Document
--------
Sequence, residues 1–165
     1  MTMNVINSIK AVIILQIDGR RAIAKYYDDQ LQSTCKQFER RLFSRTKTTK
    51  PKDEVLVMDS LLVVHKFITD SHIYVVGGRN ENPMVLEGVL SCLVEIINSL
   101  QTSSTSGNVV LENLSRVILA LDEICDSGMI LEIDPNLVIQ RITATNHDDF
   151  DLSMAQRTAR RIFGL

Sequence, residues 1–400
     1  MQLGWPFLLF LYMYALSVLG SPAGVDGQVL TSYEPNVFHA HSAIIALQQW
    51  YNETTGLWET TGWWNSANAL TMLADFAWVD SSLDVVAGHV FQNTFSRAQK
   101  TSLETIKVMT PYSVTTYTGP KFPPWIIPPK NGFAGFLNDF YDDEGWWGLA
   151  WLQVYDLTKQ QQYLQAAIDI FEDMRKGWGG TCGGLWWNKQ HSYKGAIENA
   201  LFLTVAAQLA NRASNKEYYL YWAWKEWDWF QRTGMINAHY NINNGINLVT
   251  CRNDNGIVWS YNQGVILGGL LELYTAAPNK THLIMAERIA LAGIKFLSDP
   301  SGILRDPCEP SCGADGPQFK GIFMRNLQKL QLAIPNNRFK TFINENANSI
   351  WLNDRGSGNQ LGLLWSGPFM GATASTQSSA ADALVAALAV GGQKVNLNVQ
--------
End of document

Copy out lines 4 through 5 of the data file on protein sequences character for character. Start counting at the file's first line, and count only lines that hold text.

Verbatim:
   101  QTSSTSGNVV LENLSRVILA LDEICDSGMI LEIDPNLVIQ RITATNHDDF
   151  DLSMAQRTAR RIFGL